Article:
• There are some servers that make ALL attacks Crits; even weapons that don't deal random Crits will always deal them. This essentially makes almost all the characters save the Heavy/Soldier Glass Cannons.
    • The Medic has a secondary weapon called the Kritzkrieg that grants his healing target guaranteed critical hits for 8 seconds when it's fully charged.
    • A lot of weapons actually have conditional crits that can be activated in the right circumstances. Just to name a few, the Axtingiusher will deal a crit against any burning player, the Flying Guillotine will crit any stunned player, and the Market Gardener — a favorite among "trolldiers" — delivers critical damage if the player is currently rocket jumping. In exchange, most of these kinds of weapons are unable to get random crits, so that they are not a direct upgrade from their alternatives.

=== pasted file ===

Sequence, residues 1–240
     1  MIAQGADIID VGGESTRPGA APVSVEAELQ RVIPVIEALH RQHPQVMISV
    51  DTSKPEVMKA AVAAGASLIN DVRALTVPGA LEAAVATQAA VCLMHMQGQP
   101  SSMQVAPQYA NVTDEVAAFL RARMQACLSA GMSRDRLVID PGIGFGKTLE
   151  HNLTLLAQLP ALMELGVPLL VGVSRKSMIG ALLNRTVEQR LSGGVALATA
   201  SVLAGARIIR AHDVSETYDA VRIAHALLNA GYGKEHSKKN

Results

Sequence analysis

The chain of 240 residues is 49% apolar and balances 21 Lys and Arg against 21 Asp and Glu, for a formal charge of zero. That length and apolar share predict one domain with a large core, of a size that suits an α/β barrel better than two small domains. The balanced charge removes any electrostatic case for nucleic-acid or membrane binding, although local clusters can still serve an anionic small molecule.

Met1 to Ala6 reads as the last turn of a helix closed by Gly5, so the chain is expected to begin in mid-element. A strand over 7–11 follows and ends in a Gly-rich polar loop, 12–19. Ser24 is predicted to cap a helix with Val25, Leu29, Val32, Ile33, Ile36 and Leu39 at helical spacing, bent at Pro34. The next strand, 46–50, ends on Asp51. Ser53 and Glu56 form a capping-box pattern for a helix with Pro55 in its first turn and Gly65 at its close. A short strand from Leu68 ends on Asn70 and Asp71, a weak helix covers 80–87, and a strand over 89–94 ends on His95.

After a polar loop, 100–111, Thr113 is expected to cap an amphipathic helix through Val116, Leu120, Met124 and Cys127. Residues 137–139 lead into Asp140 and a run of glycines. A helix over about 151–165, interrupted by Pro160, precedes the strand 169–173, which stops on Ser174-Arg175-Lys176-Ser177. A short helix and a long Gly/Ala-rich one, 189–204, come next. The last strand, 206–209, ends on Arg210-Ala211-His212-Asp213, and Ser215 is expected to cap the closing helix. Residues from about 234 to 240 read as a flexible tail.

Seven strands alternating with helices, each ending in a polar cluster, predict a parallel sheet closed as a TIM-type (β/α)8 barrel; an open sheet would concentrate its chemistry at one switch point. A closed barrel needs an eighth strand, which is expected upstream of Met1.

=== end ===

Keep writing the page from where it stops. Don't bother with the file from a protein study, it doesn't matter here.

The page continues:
• In Mann Vs. Machine, some of the robots are perpetually crit-boosted and any bomb carrier is once they hold the bomb for so long. To make up for this, one of cheapest upgrades you can get includes reducing the damage from crits. Humorously, at its highest level (three) the crit-boosting will significantly reduce damagenote 
    • The only weapon of the game that cannot be crit boosted in ANY WAY WHATSOEVER (Mods, 100% Crit Server, anything really) is the Cow Mangler 5000, a primary weapon for the Soldier.